Arts Ministry Helps Envision a Better Future

The arts and creativity are an excellent means to envision the future. Architects make plans and models of proposed structures, or storyboard artists sketch the scenes of a film well before their subjHarrison Center's PreEnact Indy--CreativeChurchArtsIdeas.orgects exist. Its not uncommon for art to be recognized as having a prophetic quality, revealing or relating to the future. (And a growing number of Christ-following artists are exploring the prophetic potential of art.)

Evisioning How Things Ought to Be

Harrison Center, an urban arts organization in Indianapolis, decided to see if the arts and creativity could help a struggling urban neighborhood envision what it could be like to transform into a thriving environment. They organized PreEnact Indy, (indicating an acting out of the future as opposed to re-creating the past, as in a "reenactment") a sort of live theater and street festival covering few blocks in the center of the neighborhood. The Harrison was careful to honor and illustrate the past of the neighborhood and its inhabitants along with envisioning the future.

They gathered artists and craftsman to design and build facades and stages for new imagined neighborhood gathering places like the Middle of the Road Cafe, and Brother Nature's Market. The built a park with oversized board games, an outdoor roller skating rink, a storytelling stage, and new store fronts for imagined businesses. All this was infused with food and live music and art.

The Middle of the Road Cafe would be a community hub that fosters conversation and fellowship and doubles as a buffer to encourage traffic to flow safely at a neighborhood pace.

From an interview in NUVO Newsweekly:

“What I want people to do when they come here is not just enjoy good music or eat good food or purchase something,” says Joanna Beatty Taft, executive director for the Harrison Center, which is producing PreEnact for the second year in a row.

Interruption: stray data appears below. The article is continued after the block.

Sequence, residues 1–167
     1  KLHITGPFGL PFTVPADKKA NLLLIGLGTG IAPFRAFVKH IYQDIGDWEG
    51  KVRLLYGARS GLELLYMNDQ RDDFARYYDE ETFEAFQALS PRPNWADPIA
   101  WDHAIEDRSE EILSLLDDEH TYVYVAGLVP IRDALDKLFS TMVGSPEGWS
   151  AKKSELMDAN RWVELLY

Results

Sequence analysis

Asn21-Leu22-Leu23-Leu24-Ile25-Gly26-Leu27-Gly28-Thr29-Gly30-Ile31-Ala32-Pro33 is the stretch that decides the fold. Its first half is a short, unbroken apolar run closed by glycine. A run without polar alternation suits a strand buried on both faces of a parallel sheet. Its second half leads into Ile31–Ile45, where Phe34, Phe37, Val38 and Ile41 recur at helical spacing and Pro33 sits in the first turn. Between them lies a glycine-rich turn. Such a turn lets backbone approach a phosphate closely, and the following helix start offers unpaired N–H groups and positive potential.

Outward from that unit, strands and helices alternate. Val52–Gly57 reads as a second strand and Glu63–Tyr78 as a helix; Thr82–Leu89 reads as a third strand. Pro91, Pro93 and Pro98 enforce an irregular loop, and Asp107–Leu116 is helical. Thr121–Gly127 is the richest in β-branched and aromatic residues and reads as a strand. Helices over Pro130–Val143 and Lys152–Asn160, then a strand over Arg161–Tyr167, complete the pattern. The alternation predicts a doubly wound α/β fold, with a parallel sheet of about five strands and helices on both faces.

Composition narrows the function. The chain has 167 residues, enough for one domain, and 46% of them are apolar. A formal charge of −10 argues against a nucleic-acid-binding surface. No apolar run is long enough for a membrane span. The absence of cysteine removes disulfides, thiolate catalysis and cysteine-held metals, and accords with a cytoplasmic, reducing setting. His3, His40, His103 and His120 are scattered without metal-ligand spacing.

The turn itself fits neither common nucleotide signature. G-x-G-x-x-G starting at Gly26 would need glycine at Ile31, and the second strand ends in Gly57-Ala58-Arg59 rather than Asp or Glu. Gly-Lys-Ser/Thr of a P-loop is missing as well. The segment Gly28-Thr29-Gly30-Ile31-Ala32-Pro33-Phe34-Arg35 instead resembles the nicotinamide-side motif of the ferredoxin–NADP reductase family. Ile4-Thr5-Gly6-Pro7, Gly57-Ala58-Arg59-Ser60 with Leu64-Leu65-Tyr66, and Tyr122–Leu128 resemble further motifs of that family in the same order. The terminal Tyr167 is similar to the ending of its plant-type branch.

“I want them to try on being in this pre-enacted village that is a neighborhood the way it ought to be, [with] affordable housing and market housing and quality education for all, and with diverse artists and diverse leaders,” she says. “That’s what we want people to experience so that when we leave, they can honor the history of their neighborhood; they can be inclusive in their neighborhood.”

Applications for Church Arts Ministry

Though PreEnact was an ambitious undertaking, its easy to imagine how this idea--a variation of the biblical principal of envisioned faith or "calling things that are not as though they are" (Romans 4:17)-- could be scaled down and used in church arts ministry.

It could be as simple as interacting with people one-on-one, talking about their life and future then offering artistic response as a prayer--spontaneous drawing or painting or dance or song or poetry or theater--and a way to spark their faith. This kind of interaction and attention is a surefire way to help people feel known and loved. And they can take that "PreEnacted prayer" with them--even dance, song, poetry, and theater, through the miracle of cell phone recording--and look at it over and over. This is similar to the concept of Personal Prayer Art (PPA), which is detailed in Creative Church Handbook and we'll cover in an upcoming post.

In what ways could you engage a PreEnact model to minister and encourage faith in your congregation and community? Contribute your thoughts below or share a story at artsideas (at) TheNewR.org

Here are some photos from the event:

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2 Responses

  1. Auberta
    | Reply

    The Salvation Army gives all youth a chance to experience educational enrichment, life skills development, and spiritual and physical wellness. Such experiences allow these at-risk children and adolescents to envision and pursue better futures.

    • Editor
      | Reply

      Yes! The Salvation Army is a wonderful organization and does a great job at helping youth envision and pursue a better future!

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